That fact is not lost on the Congress of Aboriginal Peoples, which sent letters to all the major police forces across the country on Monday asking them to avoid using “unnecessary force or tactics.” Nor is it lost on Rob Clarke, an aboriginal Conservative MP and an 18-year veteran of the RCMP, who said he is “worried” about the looming protests, or Aboriginal Affairs Minister John Duncan, who on Monday told Postmedia News that he expects police to step in if demonstrations lead to “things being shut down.”

Patrick Doyle / The Canadian PressAn aboriginal protester waves a flag in front of Langevin Block as Prime Minister Steven Harper meets inside with native leaders across from Parliament Hill in Ottawa on Friday.

Activists warned last week they would wreak economic havoc across the country on Wednesday, with reports of at least one major protest shutting down a lane of traffic along the Ambassador Bridge, North America’s busiest border crossing that connects Southern Ontario with Michigan. Commissioner Lewis said the OPP has been in touch with the organizers, but said the bridge itself falls under the jurisdiction of Windsor Police.

“If people get pushed the wrong way, then [violence] could happen,” Chief Adam said. “One wrong move … one wrong spark, and it will erupt.”

Idle No More blockades along Ontario rail lines already provoked two court decisions since December, shining a bright light on the murky world of policing First Nations protests. For Commissioner Lewis, the OPP’s main role is keeping the peace and protecting the public — and not, in any way, purporting to play a role in resolving the centuries-old issues underlying the protests.

Geoff Robins / The Canadian PressNative protesters from the Idle No More movement listen to speakers during a flash mob round dance demonstration blocking an intersection in downtown London, Ontario on Thursday.

For Grand Chief Peters, First Nations protests are “not a police matter,” but rather a “political” one. When asked about an officer’s duty to enforce the rule of law, he said it is not the officer’s job to get involved because he should not “get caught up being the middleman.”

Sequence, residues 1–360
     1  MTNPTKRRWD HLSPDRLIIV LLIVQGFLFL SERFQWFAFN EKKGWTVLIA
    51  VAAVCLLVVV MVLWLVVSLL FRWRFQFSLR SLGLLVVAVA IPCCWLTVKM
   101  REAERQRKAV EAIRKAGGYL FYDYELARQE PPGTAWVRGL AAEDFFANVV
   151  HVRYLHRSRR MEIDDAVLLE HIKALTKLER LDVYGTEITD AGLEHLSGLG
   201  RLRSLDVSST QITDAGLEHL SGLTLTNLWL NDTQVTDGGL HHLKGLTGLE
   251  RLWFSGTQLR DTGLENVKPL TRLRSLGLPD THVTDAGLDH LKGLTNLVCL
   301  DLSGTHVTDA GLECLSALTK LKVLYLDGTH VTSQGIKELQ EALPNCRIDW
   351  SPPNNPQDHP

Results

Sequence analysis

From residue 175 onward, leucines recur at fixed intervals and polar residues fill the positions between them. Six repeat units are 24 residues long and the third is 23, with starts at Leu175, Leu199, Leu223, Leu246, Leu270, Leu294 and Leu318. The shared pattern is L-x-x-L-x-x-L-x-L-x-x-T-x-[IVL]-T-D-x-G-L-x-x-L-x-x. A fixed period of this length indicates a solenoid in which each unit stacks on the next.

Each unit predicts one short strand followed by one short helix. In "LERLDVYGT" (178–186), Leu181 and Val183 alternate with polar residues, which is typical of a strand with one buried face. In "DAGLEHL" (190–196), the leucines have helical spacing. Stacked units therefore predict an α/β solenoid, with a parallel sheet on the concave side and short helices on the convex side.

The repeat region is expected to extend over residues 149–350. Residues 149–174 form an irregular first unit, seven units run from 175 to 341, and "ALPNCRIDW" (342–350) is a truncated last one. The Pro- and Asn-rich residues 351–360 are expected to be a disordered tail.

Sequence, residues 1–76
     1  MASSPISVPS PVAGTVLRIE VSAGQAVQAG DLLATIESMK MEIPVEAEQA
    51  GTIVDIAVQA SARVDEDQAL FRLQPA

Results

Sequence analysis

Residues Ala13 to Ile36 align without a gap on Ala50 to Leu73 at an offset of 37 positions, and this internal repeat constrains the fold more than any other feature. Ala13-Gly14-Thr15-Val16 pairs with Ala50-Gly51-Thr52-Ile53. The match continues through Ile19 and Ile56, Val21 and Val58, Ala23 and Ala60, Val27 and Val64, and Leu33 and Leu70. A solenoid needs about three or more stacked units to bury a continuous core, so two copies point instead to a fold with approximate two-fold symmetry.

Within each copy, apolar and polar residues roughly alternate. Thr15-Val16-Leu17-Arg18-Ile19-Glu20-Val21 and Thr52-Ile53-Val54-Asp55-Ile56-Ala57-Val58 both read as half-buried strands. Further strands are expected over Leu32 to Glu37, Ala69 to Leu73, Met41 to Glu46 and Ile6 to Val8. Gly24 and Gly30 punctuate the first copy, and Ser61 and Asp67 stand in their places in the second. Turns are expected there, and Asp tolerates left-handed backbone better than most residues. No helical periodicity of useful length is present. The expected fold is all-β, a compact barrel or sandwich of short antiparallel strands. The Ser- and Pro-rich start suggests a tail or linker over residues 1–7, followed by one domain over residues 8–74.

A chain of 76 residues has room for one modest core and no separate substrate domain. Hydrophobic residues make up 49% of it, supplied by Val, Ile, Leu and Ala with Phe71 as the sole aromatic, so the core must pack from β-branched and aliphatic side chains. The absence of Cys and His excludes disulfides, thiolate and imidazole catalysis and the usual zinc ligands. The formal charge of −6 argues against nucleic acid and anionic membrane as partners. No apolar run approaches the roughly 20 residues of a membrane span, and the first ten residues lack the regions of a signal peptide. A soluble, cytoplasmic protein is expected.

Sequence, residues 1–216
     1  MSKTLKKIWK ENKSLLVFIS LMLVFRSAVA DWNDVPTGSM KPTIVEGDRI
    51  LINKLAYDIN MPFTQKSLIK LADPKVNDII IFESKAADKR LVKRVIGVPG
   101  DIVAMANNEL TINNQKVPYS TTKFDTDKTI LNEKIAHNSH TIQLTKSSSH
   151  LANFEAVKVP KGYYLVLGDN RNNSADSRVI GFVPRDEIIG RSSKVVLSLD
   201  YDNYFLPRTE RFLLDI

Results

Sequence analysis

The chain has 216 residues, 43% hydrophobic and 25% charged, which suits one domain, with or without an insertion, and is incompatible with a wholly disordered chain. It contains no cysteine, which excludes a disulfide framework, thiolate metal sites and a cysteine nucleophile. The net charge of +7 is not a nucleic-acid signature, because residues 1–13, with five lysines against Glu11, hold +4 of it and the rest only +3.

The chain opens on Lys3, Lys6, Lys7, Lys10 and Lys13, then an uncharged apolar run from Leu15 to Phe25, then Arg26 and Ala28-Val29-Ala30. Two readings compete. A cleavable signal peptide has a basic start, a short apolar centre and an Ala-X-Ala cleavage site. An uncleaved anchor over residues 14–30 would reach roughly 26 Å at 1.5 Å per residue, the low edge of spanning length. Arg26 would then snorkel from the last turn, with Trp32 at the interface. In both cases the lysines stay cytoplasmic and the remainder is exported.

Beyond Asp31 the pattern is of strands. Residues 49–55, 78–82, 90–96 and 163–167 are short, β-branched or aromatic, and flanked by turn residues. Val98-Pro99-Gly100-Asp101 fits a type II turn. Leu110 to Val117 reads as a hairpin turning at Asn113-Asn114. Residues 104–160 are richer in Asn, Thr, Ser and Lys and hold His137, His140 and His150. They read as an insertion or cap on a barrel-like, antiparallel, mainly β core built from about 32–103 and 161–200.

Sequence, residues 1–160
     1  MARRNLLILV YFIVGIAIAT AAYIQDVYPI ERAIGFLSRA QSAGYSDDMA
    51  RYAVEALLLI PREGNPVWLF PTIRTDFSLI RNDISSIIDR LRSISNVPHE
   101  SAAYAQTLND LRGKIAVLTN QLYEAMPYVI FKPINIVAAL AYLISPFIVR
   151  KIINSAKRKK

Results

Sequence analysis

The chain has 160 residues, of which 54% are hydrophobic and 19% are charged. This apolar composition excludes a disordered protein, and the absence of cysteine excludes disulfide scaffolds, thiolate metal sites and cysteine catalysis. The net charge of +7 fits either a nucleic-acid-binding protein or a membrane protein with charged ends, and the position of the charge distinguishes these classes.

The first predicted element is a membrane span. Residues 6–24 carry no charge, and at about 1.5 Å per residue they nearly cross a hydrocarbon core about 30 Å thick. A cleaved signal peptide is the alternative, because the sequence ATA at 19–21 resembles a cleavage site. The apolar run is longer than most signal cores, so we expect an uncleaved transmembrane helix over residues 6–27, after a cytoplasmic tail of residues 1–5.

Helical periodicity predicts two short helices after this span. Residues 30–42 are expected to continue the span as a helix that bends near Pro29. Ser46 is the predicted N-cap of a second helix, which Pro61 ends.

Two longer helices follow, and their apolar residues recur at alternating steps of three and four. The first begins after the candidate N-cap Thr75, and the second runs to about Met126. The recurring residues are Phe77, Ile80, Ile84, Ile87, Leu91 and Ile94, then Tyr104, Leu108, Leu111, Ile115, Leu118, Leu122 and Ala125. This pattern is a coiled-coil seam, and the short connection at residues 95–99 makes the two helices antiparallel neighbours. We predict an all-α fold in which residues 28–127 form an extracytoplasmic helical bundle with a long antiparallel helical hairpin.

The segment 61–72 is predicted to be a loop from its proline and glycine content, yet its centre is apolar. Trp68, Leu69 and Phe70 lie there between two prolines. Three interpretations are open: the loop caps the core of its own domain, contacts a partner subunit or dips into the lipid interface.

While he and Chief Adam threaten road closures, several high-profile chiefs have gone to great lengths to distance themselves from such rhetoric. On Sunday night, the Assembly of Manitoba Chiefs released a statement saying Grand chief Derek Nepinak does not condone violence, and on Monday Grand Chief Stan Louttit — whose territory includes Chief Theresa Spence’s Attawapiskat — said in an interview that protests should be strictly peaceful.

“I can’t speak for [Chief Adam],” Grand Chief Louttit said. “We don’t know what could happen, but we know the history of Oka, Ipperwash and Caledonia. When push comes to shove, yeah, it could end up in the balance, but that’s not our intention.”

A spokesperson for CN Rail said the company is “watching the situation closely.” The RCMP did not provide comment before deadline Monday evening.


Idle No More activists warn of months-long blockades this spring | Canada | News | National Post.

1 Comment

Posted by on January 15, 2013 in Canada



One response to ““Native” terrorists threaten Canada to cave to their cry-baby demands

  1. eirafalls

    January 15, 2013 at 10:04 am

    Reblogged this on eirafalls.